Audio News for December 17th to December 23rd, 2006.  

Welcome to the Audio News from Archaeologica!  I'm Laura Kelley and these are the headlines in archaeological and historical news for December 17th to December 23rd, 2006.

Mysterious rings located near Chinese empress’ tomb


Our first story is from China where archaeologists have discovered a group of gigantic rings at the 1,300-year-old tomb of Wu Zetian, China's only empress.  Researchers, however, are unable to explain their existence and the meaning of the 10 or more rings, which appeared on aerial photographs.  Most of the rings are 90 to 120 feet in diameter.   According to Qin Jianming, a researcher with the Xi'an Preservation and Restoration Center, the most eye-catching is the largest ring, with the diameter of 330 feet.   The foundation of the largest ring measures 9 feet thick, with coloration distinctly darker than the surrounding fields. Three quarters of the ring is clearly visible.  Experts first believed the rings were atmospheric phenomena caused by lights, but after analysis and comparison with previous aerial photos, they believe they are historic remains.  Located 50 miles northwest of the ancient city of Xi'an, capital of northwest China's Shaanxi Province, Qianling is the joint tomb of Wu Zetian, who ruled for 50 years, and her husband, Emperor Li Zhi of the Tang Dynasty, which lasted from AD 618-907.   It is the only tomb in China that contains the bodies of two rulers. Qianling is also the best-preserved ancient tomb in China and has not been looted.  Despite searches of historical records, researchers still have no idea of the purpose of the rings or their relation with the tombs.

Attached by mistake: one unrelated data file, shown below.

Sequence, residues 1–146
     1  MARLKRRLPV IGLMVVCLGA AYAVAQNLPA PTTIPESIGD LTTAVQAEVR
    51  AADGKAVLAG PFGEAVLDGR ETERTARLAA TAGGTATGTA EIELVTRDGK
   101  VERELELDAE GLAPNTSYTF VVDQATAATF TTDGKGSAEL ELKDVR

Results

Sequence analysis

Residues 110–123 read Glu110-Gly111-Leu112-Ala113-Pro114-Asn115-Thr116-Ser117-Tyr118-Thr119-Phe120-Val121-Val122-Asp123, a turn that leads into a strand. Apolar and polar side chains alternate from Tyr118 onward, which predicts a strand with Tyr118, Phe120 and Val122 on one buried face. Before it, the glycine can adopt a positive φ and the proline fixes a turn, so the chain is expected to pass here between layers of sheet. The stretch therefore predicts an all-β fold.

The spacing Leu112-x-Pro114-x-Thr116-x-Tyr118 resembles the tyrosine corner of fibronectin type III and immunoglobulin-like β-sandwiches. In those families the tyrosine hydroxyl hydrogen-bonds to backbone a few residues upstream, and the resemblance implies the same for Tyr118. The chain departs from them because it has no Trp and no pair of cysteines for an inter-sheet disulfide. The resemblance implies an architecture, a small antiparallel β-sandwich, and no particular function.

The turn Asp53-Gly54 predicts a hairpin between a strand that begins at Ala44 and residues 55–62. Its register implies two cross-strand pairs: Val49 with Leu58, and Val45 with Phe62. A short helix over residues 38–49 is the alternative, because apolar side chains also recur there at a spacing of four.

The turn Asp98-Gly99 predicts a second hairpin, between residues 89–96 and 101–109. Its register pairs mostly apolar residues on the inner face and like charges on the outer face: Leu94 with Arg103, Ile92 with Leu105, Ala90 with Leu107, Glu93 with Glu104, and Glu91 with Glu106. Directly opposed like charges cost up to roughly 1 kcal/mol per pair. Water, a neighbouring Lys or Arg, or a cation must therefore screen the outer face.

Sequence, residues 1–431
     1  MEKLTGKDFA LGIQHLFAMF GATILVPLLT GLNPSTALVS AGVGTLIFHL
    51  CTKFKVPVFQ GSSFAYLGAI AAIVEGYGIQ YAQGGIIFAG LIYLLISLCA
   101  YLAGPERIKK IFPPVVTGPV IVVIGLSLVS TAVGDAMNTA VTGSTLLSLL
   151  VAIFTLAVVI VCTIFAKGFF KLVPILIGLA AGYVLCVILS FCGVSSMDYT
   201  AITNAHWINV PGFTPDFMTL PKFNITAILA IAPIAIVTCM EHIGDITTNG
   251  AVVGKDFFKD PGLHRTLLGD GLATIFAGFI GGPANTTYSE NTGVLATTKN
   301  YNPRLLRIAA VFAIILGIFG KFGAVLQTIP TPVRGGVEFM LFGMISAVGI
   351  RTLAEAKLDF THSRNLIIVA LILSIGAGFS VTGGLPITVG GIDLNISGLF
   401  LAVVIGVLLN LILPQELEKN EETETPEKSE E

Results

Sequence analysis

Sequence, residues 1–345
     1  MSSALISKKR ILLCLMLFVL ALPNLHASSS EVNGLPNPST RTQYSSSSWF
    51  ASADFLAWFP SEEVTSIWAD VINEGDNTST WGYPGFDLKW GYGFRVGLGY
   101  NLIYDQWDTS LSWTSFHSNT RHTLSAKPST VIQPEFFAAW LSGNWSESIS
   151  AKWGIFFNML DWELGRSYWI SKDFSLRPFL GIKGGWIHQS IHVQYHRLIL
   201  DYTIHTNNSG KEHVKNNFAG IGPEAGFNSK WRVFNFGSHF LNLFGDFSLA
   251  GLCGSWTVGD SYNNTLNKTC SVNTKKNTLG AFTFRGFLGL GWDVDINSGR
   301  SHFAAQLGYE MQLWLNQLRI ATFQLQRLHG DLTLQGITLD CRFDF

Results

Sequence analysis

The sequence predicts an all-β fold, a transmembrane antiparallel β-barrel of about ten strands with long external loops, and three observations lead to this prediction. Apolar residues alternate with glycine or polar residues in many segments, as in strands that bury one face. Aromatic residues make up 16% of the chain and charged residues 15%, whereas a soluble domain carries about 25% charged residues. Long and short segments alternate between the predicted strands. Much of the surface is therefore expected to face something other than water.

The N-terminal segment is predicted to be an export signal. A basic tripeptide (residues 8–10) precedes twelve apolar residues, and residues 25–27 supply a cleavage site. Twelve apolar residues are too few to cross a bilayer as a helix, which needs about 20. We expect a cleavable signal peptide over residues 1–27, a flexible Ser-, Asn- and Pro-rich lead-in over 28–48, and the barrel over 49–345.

Egyptian high priest’s carving reveals information on Karnak Temple


In Egypt the discovery of a carving dating back to the 12th century BC may hold the key to important information on Karnak temple, the largest ancient religious site in the world.  The large quartzite stone, carved with 17 lines of hieroglyphics, highlights the achievements of high priest Bak En Khonso, and chronicles his contributions to the grand hall at Karnak.  Unearthed by a team of archeologists in the southern Nile city of Luxor, the carving, which measures 5.5 by 2.5 feet, also illustrates the high priest's family tree.   According to Zahi Hawass, head of Egypt's Supreme Council of Antiquities, this is very significant because it is the first information about Bak En Khonso, who, during his time, was the second most important man after the king.   Bak En Khonso lived during the reign of King Setnakhte, founder of Egypt's 20th Dynasty.  A high priest performed ritual duties on behalf of the king.  Karnak Temple in the southern city of Luxor is the largest ancient religious site in the world. Unfortunately, of its four main parts, only one is accessible to tourists.

Scientific tests cast doubt on claims about Joan of Arc relic